Compare that narrative to the one told in the arrest affidavit of Timothy Hale-Cusanelli, the Army reservist and Nazi-sympathizer who worked as a contractor at Naval Weapons Station Earle in New Jersey. On January 12, an informant told the FBI that Hale-Cusanelli was at the riot, on January 14, the informant recorded a conversation in which Hale-Cusanelli admitted to pushing and shoving along with the rest of the mob. Hale-Cusanelli has been jailed since the very next day, January 15 (he is appealing his detention to the DC Circuit). Hale-Cusanelli has not been charged with assault and he is not known to have played such a key role in compromising the Capitol from a second side.

Now, for many defendants, I can see taking your time after the initial rush of arrests. After all, if they were going to delete their Facebook, that would have happened (and did happen, with a goodly number of defendants) by January 9. But Warnagiris seems like a more urgent risk.

And, remarkably, DOJ apparently did not ask for any special conditions on Warnagiris. He has no location monitoring, no restrictions on possessing a gun, no specificity to his travel around DC (most defendants have stay-away orders, but for people like Warnagiris who are local to DC, they’re sometimes restricted to their District). They did not ask him to surrender his passport. Now, perhaps something is also going on with him in the military. But the whole thing — on top of the inevitable shock of having an active duty officer arrested — raises more questions than other cases.

All of which is to say that, with a defendant who genuinely poses unique security risks, the government is now taking their time to flesh out their investigation.

I’ve said from the start that this investigation has been lightning quick. That’s still, absolutely, true. But there’s going to be a lot more happening behind closed doors in the weeks ahead.

21 replies
  1. Rugger9 says:

    I think Major Wanagiris’ connections need to be addressed, and if it were up to me his chain of command would be joining him for being derelict in their oversight duties once he was identified two months ago (almost). We can see. Normally the military justice system will operate after the civilian side is done, but unless I hear something circulating around, there is no reason why SecDef wouldn’t put Wanagiris’ entire command under a most unpleasant microscope since this reflects poorly on the service. I would have expected the Commandant of the USMC to race SecDef to crack down, yet it appears that nothing happened. At the very least Wanagiris needed to put in the USMC version of “hack” or officer restriction to base, preferably on 17 MAR. The lack of (reported) action is stunning to me and really not typical of the Marines I know.

    In our list of Faux News generals, how many Marines are there and how connected are they to our Major?

    • subtropolis says:

      Would we know if the military had already acted in some fashion? Perhaps DoD has been investigating him all along and, for whatever reason, the DoJ has only now made public the fact that he is also among the defendants.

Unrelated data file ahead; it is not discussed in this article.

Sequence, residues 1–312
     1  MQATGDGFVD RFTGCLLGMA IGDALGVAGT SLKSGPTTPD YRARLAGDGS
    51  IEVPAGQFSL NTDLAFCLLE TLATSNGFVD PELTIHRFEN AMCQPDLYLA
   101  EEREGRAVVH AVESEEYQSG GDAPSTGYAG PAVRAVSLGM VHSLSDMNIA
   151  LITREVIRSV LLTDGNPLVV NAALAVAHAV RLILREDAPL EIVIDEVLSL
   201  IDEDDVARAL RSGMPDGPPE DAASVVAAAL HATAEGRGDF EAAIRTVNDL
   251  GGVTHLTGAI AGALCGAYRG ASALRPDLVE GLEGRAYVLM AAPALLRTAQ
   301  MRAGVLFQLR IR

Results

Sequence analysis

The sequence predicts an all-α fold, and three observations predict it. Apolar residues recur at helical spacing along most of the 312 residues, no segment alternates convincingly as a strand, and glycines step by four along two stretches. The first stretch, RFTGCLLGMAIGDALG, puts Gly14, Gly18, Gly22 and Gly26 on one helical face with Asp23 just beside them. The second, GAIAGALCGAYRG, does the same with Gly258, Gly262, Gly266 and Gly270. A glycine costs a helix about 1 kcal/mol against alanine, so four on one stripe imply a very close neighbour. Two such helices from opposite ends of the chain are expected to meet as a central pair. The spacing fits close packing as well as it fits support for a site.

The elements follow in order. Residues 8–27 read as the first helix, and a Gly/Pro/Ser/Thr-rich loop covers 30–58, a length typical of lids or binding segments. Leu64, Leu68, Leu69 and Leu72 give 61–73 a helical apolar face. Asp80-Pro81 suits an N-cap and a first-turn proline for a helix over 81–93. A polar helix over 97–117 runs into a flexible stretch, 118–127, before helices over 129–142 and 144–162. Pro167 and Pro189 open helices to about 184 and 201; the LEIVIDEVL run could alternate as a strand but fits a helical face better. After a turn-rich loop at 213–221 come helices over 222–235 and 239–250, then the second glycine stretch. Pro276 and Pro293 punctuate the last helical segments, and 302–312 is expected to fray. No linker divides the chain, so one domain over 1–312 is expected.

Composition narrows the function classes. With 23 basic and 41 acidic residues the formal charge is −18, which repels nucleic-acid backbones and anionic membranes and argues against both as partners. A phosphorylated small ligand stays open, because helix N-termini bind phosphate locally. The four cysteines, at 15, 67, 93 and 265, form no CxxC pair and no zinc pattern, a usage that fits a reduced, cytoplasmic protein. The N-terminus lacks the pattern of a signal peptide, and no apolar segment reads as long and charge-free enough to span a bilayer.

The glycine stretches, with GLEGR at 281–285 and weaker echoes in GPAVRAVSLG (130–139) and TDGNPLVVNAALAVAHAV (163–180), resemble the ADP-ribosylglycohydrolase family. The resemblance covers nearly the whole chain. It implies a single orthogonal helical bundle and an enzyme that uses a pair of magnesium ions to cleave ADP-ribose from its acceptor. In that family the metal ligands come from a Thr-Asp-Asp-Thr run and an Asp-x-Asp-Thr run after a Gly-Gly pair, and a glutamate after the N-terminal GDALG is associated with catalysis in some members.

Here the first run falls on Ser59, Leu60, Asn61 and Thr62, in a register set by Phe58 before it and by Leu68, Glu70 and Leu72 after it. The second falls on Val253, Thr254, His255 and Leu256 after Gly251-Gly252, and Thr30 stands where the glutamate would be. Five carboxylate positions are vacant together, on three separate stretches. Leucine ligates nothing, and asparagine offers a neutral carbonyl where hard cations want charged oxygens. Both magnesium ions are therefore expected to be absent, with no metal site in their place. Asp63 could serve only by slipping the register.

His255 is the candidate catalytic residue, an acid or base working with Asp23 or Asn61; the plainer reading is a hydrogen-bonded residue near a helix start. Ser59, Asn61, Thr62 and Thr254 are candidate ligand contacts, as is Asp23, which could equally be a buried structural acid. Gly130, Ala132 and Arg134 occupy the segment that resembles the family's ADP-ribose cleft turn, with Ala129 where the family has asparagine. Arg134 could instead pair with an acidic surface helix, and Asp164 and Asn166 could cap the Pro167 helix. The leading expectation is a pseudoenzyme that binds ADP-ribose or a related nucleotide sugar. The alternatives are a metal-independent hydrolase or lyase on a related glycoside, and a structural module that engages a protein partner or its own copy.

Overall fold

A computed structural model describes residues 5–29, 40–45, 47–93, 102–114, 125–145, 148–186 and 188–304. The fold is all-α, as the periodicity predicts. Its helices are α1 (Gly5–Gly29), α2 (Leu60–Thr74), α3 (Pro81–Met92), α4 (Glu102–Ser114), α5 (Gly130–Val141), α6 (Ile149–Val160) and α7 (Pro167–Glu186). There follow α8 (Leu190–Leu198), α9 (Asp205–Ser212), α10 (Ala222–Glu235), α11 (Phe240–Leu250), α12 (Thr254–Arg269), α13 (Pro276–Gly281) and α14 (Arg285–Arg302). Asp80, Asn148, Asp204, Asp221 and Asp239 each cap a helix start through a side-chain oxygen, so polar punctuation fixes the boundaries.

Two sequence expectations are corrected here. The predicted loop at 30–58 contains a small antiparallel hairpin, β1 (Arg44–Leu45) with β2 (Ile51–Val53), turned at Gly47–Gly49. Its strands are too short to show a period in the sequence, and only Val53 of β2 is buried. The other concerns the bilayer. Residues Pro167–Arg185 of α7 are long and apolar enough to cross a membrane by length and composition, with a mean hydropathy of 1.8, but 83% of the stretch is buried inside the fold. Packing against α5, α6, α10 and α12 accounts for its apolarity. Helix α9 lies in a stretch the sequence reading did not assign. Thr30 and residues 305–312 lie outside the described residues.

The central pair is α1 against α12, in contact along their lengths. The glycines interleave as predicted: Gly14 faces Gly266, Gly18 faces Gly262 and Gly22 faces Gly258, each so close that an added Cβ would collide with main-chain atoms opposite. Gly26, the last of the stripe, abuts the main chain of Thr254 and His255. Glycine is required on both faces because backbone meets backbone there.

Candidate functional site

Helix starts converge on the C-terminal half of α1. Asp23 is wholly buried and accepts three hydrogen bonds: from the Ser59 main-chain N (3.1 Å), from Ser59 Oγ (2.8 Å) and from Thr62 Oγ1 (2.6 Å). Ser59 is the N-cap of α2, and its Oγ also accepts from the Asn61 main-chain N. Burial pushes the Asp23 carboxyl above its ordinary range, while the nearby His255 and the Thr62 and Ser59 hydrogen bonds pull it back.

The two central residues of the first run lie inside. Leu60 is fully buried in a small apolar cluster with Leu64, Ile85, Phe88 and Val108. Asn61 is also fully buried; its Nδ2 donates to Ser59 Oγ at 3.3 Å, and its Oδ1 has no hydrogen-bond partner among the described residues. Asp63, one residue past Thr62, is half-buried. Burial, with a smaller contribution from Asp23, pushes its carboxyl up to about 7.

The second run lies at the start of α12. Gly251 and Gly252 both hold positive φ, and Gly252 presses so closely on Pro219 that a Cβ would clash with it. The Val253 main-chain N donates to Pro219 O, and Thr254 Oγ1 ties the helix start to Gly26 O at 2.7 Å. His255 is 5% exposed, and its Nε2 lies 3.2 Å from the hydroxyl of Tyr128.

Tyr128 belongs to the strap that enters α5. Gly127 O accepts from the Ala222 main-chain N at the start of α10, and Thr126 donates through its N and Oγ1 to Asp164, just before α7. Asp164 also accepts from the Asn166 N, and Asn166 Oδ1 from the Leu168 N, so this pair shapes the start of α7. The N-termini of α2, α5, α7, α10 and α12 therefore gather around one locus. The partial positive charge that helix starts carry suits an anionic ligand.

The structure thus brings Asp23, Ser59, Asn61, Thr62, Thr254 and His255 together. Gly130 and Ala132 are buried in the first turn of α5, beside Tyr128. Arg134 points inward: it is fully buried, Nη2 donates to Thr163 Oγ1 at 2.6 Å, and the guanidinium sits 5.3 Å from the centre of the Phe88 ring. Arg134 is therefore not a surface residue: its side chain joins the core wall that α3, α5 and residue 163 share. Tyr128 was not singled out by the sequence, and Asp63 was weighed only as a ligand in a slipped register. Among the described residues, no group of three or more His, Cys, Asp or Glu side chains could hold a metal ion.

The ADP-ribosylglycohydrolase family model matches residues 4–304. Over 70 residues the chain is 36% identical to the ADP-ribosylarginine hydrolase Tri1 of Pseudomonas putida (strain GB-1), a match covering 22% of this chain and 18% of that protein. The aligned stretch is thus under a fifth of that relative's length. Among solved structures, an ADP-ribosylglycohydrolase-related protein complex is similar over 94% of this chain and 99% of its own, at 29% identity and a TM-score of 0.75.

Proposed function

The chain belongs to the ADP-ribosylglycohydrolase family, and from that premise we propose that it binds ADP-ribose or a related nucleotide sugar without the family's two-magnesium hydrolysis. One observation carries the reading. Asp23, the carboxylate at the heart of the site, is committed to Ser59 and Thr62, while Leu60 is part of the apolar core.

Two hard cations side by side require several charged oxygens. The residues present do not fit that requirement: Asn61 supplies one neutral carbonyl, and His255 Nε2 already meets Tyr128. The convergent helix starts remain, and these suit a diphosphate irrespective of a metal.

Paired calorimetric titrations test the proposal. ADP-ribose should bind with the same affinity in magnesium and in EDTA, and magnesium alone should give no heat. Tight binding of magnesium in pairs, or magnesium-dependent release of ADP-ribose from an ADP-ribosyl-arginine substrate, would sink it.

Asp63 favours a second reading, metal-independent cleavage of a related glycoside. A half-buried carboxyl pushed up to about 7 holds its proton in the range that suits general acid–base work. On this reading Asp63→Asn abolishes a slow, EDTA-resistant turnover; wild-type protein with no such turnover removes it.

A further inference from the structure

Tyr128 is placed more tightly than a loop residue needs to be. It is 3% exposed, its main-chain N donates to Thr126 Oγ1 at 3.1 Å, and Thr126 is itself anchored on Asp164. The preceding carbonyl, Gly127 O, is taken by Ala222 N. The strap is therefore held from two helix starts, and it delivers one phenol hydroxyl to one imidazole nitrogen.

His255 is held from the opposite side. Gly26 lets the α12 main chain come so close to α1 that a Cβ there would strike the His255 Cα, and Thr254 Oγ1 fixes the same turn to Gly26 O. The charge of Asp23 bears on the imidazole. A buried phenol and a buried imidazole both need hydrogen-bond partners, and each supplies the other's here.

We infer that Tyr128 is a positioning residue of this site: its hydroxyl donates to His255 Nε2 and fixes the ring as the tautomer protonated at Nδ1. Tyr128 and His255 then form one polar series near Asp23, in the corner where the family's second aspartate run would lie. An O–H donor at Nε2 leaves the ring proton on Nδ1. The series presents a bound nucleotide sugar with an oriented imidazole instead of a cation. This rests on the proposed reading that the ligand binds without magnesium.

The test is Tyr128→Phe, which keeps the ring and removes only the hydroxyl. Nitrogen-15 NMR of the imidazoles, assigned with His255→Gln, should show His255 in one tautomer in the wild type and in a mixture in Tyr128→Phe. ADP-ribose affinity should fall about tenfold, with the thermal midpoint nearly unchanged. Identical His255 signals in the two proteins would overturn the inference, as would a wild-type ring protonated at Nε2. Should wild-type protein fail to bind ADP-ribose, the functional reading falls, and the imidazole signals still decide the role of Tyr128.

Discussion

• Rugger9 says:

        Not necessarily, but there are symptoms of such actions. Restricted men are ordered to stay put and that doesn’t always require a hearing (unless it’s NJP, i.e. mast). By now the Article 32 hearing should have been completed if charges have been considered to determine whether a court martial is appropriate, and that is a formal event with a paper trail that ought to be subject to FOIA requests. I haven’t seen anything about one.

        Also, I doubt that no one between the major or his buddies hasn’t complained about him being restricted when he did nothing wrong (in their view) on their social media networks. Nothing seems to have been reported.

        It was intuitively obvious to the most casual observer (leaving out the GQP, who’s being paid to look the other way) that what happened on January 6 was an assault clearly outside any duties conceivable for a USMC Major. If anything, he should have been holding the line with the Capitol Police against the thugs. There is no way that the USMC as an institution would ever be OK with this, and more than a few of the Marines I know would be livid. Making little rocks out of big ones at Leavenworth is too good for this guy.

      • Paul Spencer Dawkins says:

        Backing up slightly from that, would the FBI be sharing information from an active investigation with his USMC chain of command?

        I really don’t know the answer to that question.

        [Welcome back to emptywheel. Please use the same username each time you comment so that community members get to know you. You’ve used three variants of your name – Paul Spencer Dawkins, Spencer, and Spencer Dawkins. Please pick one and stick with it. Thanks. /~Rayne]

        • timbo says:

          The FBI might not have informed Quantico base command if they (and DHS?) were secretly conducting a counter intelligence investigation at Quantico… that wouldn’t be normal SOP but it might have been deemed highly sensitive if they’d received tips from lower ranking personnel there about this major…